Tax Question - Working out of state

It’s that time of year! My tax situation changed last year and I need some advice. I left a position early in the year and took a contract (W2) for about 4 months in Kentucky. I then took another contract (W2) in Michigan for about 3 months. I then moved home to Tennessee and started another contract (W2) where I am currently employed. Including a small amount of unemployment, I had 5 income sources, 2 of which I moved out of state.

So I have 2 main questions:

1 - What kind of stuff, if any, can I safely deduct for living out of state?

2 - Is this a situation where a tax professional is recommended, or is it simpler than it seems and Turbotax can handle it?

Any advice would be greatly appreciated. I understand it is just advice, and you are not my accountant, etc., etc.

Thanks in advance!

It seems like this can have specific answers, so I put it in General Questions.

Please, Please–If you have a real-life legal/medical/tax question, put it in IMHO rather than General Questions. There you can get factual answers and opinions and advice. Moved.

samclem, moderator

About Turbotax. If you download the Deluxe version, you get one free State. Any other States are $42 each. Kentucky and Tennessee may have some sort of agreement making the taxes there easy to figure out - I’m not sure. However I doubt that Michigan does. This might be a situation where hiring a tax professional might be your best choice. Turbotax is going to run you well over $150 probably anyway.

TurboTax can handle it, but garbage-in, garbage-out.

You won’t have deductible moving expenses, except maybe for a final move when you settle down for at least a year.

You will probably have living expenses (food and rent, for example) for a temporary work location. Temporary work is generally defined as something away from your tax home that is intended to be less than 12 months, and actually is. (So, for example, a professional could be very helpful in defining tax home and helping you pick one that fits the facts.) All of these expenses are part of itemized deductions; if you don’t already itemize, you might get no or little benefit.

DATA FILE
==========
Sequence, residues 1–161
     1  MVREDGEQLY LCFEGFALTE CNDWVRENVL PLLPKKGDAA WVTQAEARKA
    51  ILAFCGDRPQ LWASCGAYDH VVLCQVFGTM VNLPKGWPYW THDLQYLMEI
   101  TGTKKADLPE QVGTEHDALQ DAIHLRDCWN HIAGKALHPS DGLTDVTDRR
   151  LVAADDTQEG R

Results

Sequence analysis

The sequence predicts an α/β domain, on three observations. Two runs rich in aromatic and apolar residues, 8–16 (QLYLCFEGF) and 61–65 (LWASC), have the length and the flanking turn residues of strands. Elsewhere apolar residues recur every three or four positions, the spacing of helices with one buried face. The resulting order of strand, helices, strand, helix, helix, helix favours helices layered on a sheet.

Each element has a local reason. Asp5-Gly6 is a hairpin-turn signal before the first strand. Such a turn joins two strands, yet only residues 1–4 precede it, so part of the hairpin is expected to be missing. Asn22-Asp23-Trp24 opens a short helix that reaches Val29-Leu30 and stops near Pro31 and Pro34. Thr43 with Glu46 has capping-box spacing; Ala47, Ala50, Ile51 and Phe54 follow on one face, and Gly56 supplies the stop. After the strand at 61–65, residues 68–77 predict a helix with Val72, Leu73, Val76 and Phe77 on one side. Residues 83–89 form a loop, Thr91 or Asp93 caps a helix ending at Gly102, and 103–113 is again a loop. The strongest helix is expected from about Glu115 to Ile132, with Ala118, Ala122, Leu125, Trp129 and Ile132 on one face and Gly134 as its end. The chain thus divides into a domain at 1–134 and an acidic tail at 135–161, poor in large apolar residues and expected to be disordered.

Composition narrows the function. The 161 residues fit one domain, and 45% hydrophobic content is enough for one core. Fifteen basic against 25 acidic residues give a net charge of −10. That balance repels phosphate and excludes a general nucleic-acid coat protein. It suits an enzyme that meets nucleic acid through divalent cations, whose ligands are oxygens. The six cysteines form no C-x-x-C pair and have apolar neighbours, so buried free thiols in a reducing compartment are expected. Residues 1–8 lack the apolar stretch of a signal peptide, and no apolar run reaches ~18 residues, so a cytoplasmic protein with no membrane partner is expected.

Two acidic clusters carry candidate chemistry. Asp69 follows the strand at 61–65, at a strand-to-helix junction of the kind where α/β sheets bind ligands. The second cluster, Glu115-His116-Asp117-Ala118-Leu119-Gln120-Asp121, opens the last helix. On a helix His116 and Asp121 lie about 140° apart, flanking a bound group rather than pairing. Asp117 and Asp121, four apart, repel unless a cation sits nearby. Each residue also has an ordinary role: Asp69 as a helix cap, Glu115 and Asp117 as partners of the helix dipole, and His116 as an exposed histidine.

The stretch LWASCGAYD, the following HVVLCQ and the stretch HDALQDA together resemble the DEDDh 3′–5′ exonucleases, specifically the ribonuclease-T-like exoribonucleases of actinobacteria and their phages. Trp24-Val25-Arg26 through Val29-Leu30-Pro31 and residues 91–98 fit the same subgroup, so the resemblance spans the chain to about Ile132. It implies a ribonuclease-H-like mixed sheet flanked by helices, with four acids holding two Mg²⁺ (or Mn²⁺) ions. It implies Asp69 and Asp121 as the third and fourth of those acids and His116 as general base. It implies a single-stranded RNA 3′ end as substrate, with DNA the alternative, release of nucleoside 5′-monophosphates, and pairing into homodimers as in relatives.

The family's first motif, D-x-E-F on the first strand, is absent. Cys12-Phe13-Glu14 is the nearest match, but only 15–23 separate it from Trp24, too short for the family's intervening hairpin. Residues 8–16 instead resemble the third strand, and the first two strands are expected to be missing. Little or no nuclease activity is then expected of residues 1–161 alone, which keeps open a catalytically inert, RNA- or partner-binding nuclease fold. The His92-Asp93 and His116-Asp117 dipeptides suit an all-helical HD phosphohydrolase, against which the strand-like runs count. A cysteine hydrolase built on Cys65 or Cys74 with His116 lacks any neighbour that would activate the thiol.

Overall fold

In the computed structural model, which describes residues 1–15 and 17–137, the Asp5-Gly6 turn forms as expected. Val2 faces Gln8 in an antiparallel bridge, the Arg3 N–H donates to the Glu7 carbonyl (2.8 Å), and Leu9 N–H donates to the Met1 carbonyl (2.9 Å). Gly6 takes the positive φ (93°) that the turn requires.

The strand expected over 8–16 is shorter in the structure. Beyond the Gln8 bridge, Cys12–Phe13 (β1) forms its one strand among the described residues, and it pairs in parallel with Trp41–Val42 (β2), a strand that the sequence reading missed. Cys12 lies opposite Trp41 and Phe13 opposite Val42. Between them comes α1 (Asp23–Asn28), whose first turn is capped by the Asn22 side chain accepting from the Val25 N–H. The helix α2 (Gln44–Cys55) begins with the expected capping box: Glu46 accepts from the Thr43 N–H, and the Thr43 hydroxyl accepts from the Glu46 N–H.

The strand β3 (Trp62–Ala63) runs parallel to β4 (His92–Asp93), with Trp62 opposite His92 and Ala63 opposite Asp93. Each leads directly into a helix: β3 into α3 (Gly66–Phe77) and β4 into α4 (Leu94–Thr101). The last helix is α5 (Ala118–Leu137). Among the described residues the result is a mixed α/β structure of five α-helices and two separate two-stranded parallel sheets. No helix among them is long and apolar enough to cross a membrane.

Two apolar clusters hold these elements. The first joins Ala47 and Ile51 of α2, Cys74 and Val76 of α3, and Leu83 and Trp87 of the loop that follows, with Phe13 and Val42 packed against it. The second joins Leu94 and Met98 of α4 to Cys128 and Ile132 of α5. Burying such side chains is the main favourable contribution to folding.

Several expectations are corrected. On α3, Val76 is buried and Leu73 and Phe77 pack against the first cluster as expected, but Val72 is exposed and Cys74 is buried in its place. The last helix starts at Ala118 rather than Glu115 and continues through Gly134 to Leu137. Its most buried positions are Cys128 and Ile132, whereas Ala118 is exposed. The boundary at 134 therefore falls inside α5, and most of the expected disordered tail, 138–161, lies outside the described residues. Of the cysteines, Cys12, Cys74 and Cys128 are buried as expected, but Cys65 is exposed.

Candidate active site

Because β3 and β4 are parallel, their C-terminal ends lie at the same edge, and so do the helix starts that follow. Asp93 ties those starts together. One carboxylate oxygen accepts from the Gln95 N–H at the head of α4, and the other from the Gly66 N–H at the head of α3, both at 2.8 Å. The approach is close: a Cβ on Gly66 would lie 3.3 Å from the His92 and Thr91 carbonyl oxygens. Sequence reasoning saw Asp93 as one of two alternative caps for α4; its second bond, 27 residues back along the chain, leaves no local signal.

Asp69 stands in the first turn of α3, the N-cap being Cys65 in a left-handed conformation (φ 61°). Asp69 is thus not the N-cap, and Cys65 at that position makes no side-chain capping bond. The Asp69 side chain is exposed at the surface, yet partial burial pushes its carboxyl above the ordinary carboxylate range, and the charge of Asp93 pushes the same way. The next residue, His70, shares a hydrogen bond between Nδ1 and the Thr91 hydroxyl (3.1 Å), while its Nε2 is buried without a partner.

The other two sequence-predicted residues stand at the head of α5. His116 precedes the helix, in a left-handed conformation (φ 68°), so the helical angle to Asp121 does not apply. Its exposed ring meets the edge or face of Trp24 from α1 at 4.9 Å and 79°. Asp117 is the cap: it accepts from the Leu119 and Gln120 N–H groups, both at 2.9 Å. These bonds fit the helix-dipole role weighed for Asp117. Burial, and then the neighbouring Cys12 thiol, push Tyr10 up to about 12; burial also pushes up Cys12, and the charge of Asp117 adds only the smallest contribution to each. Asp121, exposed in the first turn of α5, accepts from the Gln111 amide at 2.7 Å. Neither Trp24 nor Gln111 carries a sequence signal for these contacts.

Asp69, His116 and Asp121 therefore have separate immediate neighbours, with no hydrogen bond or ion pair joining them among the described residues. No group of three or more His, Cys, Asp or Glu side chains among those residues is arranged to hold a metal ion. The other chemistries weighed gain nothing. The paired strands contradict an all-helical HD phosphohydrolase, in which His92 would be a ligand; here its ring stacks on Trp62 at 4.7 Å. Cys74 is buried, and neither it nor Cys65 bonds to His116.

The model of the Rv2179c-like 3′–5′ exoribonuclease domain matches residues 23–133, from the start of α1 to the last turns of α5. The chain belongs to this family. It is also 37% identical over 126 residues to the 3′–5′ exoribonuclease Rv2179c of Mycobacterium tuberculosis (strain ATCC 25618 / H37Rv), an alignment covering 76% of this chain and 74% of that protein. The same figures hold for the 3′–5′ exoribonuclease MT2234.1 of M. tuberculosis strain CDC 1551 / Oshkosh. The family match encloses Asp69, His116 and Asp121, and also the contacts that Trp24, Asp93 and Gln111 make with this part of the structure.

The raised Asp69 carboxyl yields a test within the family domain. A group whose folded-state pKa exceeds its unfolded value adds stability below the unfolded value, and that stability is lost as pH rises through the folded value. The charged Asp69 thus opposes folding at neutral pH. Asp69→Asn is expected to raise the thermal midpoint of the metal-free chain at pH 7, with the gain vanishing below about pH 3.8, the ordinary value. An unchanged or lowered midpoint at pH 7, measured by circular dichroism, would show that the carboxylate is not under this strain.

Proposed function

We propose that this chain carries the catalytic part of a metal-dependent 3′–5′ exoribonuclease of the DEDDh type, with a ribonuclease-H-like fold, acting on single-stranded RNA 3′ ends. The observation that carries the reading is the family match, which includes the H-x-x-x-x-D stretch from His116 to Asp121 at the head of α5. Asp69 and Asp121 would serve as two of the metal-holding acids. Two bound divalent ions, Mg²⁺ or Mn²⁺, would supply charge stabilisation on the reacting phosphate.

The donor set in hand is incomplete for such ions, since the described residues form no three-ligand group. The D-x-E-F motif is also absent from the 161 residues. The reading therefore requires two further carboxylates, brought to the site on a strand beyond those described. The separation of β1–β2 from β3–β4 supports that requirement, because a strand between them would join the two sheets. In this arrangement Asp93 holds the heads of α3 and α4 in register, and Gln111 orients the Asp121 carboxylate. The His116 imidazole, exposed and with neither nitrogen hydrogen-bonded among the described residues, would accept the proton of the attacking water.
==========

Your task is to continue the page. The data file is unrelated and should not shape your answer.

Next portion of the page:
Turbotax can handle it, but it’ll also make it incredibly easy for you to bone your taxes-- in fact, it’ll open the door to tax boning and wave you right through.

You need to just hire a professional. Not an HR Block “professional” (ie: one of their folks who took a 6 hour class on a Saturday) but a real, honest to goodness, licensed CPA or EA professional. It won’t cost you all that much more and you’ll know your stuff is done right.

What a complicated situation. It’s going to take a good deal of detangling to figure out how much to claim in each state. I agree with the advice to hire a professional.

Many apologies for posting in the wrong forum. Please forgive me.

I appreciate the advice so far. We have a tax professional we’ve used in the past, so I think we’ll look her up. I was only considering Turbo Tax if the answers would have been there are no extra deductions available for working out of state.


There’s no “working out of state deduction” per se. The travel expense deduction is for situations where you’re working away from your “tax home” for more than one year. Since it goes on Schedule A and subject to a 2% of AGI floor, and it looks as though these contracts were for only a few months each, I wouldn’t bother looking into this deduction unless you have other large itemized deductions such as for home mortgage payments and property taxes.

Not qualified to comment on the “deductions for working out of state” per se - what may or may not be a deductible business expense etc.

However, there are tax credits for taxes you pay to another state, when you’re doing your home state tax return. If you are required to pay taxes to the other state - which is likely unless they have a reciprocity agreement with yours - you will need to file in both (all 3 in your case?) locations. For the other states, you file a nonresident return and pay tax on only the income earned there.

The following is from my memory of when I worked in Manhattan for 2 years, while living in another state. I’m sure there are a LOT of nuances I’m leaving out.

As a simplified example, you earn 10,000 a month and your in-state tax rate is 5% (or 500 a month). Your total income tax for your home state would be 6,000.

If you work in state A for a month, with a tax rate of 8% (800 dollars) and state B for a month with a tax rate of 3% (300 dollars), you file a nonresident return with each, paying those figures.

Then you file your home state return. 120,000 income. Total tax bill, 6,000. You get credits for what you paid to state A - up to the amount you’d have paid your home state (i.e., 500 dollars). And you get credits for what you paid to state B - up to the amount you’d have paid your home state - but you paid them less, so you only get a credit for 300 dollars; you still have to remit the 200 dollars to your home state.

So your net tax bill is 6,000, plus 800 (state A), plus 300 (state B), minus 500 (credit for tax paid to A), minus 300 (credit for tax paid to B). Or, a total of 6,300 dollars.